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The Milk of Dreams

Since the 1960s, Robert Grosvenor has been developing a diverse artistic language, making use of architectural concepts and spatial dynamics in sculptures that evince both a solemn austerity and a winking mischief. Grosvenor is known for largely making his sculptures by hand from inexpensive materials, even when they appear industrially produced. The sensuousness of Grosvenor’s approach is compounded by an eccentricity that suggests the Space Age fantasies of his early years, as well as darker future. Untitled (1987–1988), a structure made from corrugated iron, appears as if a vestige from a potentially apocalyptic event. Formed by the sides of the trailer where Grosvenor stores tools in his studio, the sculpture contains no ceiling, floor, nor wheels, signalling architecture without providing its functionality. Untitled (2018), a steel industrial container whose interiors are painted in gold, houses a red scooter, which sits in isolation, at a remove from the viewer. Block of Water (2019), a rectangular pool made from concrete blocks, is filled with water, serving as protection but nonetheless ephemeral. While buoyed by an economy of form, Grosvenor’s artworks maintain a distinct strangeness, structured as they are at a peculiar cognitive remove from the forms and spaces they resemble. Not quite a pool nor shed nor garage, these structures turn the dial on the expectation of experiencing an apparently solid thing; they’re a trick to the mind.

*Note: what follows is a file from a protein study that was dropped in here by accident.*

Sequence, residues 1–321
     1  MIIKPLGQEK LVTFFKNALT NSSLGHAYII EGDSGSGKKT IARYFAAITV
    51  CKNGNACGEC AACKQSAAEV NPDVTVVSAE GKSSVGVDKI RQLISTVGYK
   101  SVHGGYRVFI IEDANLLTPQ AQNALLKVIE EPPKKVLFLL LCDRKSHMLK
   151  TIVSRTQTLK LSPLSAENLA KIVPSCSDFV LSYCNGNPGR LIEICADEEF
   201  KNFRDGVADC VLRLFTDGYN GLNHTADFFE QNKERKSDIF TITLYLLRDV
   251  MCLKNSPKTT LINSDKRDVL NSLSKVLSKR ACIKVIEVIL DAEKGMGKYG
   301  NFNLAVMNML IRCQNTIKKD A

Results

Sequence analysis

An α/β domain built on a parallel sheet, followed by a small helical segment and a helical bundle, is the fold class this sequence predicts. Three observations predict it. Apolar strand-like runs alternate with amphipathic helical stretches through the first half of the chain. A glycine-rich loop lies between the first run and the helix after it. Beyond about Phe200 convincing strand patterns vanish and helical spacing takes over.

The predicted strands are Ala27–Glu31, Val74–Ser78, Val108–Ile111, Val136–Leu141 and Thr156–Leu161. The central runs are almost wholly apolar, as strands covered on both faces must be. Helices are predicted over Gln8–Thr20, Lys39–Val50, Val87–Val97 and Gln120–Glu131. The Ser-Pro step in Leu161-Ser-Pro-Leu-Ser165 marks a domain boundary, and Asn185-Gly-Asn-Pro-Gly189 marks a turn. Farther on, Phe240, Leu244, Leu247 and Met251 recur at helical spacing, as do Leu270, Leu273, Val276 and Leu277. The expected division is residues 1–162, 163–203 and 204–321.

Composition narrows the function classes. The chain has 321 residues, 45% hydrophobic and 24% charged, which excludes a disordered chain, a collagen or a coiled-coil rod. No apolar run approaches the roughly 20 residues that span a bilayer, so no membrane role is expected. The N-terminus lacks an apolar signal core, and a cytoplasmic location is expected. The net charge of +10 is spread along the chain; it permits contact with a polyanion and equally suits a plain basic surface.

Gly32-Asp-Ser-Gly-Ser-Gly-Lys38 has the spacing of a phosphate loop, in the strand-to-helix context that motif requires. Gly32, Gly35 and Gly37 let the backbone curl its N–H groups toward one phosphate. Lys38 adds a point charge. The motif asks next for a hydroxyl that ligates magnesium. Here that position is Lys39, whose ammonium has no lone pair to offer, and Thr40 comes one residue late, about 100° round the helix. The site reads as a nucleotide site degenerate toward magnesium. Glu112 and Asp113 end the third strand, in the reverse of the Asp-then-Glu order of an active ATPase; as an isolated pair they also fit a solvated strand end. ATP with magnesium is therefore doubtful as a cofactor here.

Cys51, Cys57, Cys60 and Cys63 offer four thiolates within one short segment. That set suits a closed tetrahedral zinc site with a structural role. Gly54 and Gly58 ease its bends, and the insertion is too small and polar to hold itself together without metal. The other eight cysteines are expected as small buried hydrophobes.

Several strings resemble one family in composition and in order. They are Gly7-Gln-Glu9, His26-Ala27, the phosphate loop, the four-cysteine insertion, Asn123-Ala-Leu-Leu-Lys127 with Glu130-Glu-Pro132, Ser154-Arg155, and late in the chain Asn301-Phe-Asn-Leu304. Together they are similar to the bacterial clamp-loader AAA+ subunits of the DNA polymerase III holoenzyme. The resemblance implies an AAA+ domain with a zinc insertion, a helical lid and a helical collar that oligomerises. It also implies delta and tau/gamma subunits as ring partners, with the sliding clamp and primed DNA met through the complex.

Madeline Weisburg